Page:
The SSMS Object Explorer is the main area we will interact with to Manage MSSQL. It includes options for managing databases, security and more.

At the top of Object Explorer, we have a Connect drop-down that allows us to make more connections, and icons to connect/disconnect the current MSSQL server object. The example below shows we are connected to a MSSQL server on IP 192.168.11.128 on the default port 1433, as the user RemoteUser.

Right-Clicking Server Objects in Object Explorer allows you to access menus for additional tasks related to the object type.

Expanding Objects in Object Explorer allows you to see the contents, and interact and manage them. To expand an object, you can double-click it, or click on the [+] symbol to the left of the object.

 

Managing Databases in SSMS Object Explorer

Let’s create a new database…expand Databases to see the current list of databases. Right-click Databases and choose New Database…

The New Database page opens. This is where we name the database, select the owner and set options including the MSSQL compatibility level. Once we are done, we click OK to create the database with the options we have selected.

 

Managing Security in SSMS Object Explorer

Let’s create a Login…expand Security to see the available objects. Expand Logins to see the current list of logins. Right-click Logins and choose New Login…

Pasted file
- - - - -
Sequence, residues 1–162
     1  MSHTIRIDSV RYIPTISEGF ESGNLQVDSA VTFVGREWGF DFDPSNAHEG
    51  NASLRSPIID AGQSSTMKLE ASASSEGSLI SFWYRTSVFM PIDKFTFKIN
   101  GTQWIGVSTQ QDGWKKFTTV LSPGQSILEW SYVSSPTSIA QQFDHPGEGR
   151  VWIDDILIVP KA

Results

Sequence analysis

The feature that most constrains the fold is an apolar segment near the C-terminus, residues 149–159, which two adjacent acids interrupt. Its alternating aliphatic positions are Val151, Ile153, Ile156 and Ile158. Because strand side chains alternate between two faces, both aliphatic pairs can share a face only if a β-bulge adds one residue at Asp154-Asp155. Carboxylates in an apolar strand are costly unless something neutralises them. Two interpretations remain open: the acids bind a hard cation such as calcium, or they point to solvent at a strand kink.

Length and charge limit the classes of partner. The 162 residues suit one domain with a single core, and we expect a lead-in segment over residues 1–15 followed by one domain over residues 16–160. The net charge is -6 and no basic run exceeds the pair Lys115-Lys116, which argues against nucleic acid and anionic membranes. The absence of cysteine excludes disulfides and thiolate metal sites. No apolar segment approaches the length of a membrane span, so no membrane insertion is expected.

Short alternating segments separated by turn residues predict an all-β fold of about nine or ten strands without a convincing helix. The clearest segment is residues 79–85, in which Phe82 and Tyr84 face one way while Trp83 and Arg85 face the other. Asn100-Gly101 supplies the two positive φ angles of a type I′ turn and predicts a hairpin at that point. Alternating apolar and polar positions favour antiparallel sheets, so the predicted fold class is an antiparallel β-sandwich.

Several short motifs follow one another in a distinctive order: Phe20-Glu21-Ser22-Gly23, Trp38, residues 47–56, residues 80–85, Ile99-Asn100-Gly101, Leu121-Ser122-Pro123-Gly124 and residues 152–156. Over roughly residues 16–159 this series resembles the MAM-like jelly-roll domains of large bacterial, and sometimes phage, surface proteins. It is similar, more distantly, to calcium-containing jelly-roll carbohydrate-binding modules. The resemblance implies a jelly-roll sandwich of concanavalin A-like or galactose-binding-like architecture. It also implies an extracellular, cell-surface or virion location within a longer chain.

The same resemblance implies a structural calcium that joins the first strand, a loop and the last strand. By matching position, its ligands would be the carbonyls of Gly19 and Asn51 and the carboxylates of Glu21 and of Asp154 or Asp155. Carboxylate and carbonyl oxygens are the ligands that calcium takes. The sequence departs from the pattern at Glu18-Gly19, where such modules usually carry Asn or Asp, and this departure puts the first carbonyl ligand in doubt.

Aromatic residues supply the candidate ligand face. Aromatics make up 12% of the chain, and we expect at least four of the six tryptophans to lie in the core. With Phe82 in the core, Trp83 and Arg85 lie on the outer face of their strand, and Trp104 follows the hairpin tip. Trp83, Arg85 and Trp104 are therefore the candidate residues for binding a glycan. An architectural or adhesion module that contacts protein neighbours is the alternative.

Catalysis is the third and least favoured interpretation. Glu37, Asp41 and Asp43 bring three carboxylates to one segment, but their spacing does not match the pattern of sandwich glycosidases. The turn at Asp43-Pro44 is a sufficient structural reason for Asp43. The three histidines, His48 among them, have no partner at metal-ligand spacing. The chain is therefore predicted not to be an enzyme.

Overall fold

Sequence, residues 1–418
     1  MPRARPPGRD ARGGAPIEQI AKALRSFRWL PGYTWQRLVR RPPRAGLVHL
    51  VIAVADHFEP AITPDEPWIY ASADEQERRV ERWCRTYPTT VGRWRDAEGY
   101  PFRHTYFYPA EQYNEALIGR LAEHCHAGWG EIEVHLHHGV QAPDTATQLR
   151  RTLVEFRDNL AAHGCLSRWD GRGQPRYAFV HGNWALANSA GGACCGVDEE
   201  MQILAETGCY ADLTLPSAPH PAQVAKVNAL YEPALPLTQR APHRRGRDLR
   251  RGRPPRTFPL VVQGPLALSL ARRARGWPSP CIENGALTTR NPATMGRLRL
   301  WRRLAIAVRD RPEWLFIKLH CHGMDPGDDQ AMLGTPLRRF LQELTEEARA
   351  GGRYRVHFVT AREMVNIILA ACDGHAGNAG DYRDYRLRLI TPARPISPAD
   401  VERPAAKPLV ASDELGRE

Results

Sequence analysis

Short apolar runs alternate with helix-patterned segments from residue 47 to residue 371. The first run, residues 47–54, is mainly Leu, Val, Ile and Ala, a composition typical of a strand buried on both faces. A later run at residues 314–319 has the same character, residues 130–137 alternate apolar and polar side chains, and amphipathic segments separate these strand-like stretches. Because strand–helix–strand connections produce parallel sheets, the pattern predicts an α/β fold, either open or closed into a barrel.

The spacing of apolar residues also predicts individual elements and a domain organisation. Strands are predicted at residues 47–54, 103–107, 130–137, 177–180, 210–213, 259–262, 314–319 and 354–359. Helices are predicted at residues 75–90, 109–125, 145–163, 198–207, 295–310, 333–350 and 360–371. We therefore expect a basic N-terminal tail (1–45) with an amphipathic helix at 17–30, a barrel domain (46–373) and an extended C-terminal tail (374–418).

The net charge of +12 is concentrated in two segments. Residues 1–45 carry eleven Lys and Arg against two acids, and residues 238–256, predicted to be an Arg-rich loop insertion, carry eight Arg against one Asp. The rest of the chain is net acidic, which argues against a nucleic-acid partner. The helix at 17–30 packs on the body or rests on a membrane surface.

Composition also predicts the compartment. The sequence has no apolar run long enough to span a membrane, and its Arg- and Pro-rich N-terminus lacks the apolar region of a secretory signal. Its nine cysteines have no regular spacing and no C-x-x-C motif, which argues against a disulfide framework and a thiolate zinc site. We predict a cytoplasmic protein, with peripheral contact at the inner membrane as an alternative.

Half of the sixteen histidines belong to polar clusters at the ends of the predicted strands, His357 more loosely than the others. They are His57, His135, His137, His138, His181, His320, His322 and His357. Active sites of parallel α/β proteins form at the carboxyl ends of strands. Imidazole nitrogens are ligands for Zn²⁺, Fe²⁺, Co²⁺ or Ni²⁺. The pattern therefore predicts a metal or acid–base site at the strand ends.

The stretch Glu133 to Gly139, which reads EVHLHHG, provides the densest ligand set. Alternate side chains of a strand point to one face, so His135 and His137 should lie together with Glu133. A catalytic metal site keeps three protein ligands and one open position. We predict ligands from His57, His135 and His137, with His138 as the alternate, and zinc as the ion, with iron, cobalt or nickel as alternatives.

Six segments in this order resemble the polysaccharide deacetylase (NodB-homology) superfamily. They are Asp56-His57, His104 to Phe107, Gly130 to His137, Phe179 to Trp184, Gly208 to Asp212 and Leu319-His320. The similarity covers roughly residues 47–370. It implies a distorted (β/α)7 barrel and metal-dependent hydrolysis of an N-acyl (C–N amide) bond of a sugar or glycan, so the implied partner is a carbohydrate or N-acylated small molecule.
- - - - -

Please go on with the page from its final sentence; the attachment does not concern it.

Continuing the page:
The New Login page opens. This is where we name login (1), set the authentication type, set a password, select a role, and map the user to a database. In most cases, we want to create SQL logins, so we choose SQL Authentication (2). It is a good idea to uncheck the box for User must change password at next login (3) to avoid the potential for remote logins to fail with Error 18456. Set the Server Roles (4) to allow the login to have any required server-wide privileges. User Mapping allows us to map the login to databases and select the user and default schema. Once we are done configuring the login, click OK (5) to create the login with the options we have selected.